"Wealth." Sometimes also called Pluton,1 the personification of wealth, is described as a son of Iasion and Demeter.2 Zeus is said to have blinded him, in order that he might not bestow his favors on righteous men exclusively, but that he might distribute his gifts blindly and without any regard to merit.3

At Thebes there was a statue of Tyche, at Athens one of Eirene, and at Thespiae one of Athena Athena Ergane; and in each of these cases Plutus was represented as the child of those divinities, symbolically expressing the sources of wealth.4

Hyginus5 calls him the brother of Philomelus.


Plutus is usually represented as a youth carrying a cornucopia. A marble group by Cephisodotus (ca. 375 BCE), of which a copy exists in Munich, shows Eirene carrying the infant Plutus on her arm.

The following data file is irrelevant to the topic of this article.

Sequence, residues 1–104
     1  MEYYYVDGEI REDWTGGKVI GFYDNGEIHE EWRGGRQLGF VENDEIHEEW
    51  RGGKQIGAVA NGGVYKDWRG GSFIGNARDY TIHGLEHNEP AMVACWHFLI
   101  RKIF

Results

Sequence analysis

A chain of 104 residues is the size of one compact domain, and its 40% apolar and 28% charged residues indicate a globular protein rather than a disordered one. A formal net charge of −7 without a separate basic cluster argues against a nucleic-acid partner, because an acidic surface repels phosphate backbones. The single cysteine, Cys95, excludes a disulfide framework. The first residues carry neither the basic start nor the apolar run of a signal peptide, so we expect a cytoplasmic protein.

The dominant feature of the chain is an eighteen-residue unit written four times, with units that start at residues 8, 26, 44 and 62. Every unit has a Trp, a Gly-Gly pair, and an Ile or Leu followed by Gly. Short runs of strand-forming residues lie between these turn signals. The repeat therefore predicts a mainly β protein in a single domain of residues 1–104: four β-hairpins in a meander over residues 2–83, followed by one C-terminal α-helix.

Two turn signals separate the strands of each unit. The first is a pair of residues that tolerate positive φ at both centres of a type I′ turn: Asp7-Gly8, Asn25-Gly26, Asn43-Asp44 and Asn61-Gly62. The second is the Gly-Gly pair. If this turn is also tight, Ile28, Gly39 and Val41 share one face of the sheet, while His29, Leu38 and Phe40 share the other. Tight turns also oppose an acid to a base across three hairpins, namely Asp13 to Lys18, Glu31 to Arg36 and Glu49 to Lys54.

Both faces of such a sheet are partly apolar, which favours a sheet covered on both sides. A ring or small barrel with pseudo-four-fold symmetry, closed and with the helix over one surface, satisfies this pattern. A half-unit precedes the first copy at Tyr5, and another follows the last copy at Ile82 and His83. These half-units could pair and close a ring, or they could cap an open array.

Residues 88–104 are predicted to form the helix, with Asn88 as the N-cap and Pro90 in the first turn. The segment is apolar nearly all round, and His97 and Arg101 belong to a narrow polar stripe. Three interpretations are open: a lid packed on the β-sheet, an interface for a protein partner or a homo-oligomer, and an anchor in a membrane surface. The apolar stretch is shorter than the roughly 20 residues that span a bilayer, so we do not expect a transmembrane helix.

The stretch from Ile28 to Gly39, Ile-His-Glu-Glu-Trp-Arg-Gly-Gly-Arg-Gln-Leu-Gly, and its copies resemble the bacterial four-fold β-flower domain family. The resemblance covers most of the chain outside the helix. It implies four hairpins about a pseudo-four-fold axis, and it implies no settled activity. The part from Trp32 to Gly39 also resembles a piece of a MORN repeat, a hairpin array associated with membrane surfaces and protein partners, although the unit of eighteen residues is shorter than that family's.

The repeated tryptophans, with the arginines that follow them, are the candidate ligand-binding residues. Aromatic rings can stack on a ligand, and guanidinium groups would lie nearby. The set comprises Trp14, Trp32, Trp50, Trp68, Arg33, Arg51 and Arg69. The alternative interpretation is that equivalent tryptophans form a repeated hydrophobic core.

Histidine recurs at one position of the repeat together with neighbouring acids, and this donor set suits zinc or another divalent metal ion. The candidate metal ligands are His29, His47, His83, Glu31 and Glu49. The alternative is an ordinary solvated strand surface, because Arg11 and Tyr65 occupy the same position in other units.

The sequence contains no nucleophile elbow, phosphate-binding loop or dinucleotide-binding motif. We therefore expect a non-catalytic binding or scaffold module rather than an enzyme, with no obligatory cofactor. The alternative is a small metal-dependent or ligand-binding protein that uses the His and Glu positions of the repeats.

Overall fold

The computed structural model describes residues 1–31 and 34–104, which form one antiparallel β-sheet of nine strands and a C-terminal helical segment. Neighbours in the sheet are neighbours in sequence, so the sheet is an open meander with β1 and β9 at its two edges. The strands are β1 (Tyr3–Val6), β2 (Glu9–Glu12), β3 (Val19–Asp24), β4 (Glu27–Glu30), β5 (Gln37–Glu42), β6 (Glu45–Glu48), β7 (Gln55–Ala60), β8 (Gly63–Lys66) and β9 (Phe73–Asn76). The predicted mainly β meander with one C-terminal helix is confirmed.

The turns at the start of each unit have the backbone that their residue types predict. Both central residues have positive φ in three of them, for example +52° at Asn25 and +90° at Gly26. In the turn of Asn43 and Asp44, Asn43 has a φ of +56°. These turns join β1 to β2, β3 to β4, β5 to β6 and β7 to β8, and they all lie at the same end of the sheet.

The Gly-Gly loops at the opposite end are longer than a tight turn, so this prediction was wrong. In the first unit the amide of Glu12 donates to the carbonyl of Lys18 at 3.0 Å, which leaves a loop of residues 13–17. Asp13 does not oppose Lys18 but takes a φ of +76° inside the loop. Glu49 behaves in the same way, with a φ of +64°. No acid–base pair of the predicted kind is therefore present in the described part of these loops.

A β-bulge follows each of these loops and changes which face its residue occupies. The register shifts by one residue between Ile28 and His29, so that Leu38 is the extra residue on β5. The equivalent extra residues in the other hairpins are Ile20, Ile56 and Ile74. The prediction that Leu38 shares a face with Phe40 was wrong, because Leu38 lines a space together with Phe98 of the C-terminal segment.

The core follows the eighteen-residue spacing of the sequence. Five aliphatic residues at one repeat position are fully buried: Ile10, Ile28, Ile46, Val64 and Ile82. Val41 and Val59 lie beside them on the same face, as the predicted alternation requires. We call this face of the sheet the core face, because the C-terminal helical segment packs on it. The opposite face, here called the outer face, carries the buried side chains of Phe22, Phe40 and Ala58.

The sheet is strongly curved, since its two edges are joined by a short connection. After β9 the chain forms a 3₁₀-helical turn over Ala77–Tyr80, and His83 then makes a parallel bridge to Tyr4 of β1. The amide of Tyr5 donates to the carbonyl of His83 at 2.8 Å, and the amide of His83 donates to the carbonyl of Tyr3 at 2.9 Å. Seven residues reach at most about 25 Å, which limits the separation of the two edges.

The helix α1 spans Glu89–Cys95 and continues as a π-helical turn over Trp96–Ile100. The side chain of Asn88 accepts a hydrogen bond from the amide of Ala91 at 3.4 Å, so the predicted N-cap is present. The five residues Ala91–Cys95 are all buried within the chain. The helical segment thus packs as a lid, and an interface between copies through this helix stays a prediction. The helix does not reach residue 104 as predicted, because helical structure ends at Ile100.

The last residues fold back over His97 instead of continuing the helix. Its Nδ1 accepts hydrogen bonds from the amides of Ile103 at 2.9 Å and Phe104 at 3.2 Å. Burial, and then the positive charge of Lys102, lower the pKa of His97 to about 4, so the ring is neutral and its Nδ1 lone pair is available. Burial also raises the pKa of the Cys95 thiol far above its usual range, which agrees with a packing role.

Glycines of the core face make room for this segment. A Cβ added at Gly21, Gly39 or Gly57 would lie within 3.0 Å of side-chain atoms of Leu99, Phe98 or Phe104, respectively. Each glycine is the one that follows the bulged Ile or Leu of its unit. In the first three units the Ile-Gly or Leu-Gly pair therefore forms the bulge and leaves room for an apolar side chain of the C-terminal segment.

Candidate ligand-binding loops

1. Aristophanes. Plutus, 727.
  2. Hesiod. Theogony, 969 ff.; Homer. Hymn to Demeter, 491; Odyssey v, 125.
  3. Aristophanes. Plutus, 90; Scholiast on Theocritus, x, 19.
  4. Pausanias. Description of Greece ix, 16.1, 26.5.
  5. Poetical Astronomy ii, 4.


  • Aken, Dr. A.R.A. van. (1961). Elseviers Mythologische Encyclopedie. Amsterdam: Elsevier.
  • Smith, William. (1870). Dictionary of Greek and Roman Biography and Mythology. London: Taylor, Walton, and Maberly.

This article incorporates text from Dictionary of Greek and Roman Biography and Mythology (1870) by William Smith, which is in the public domain.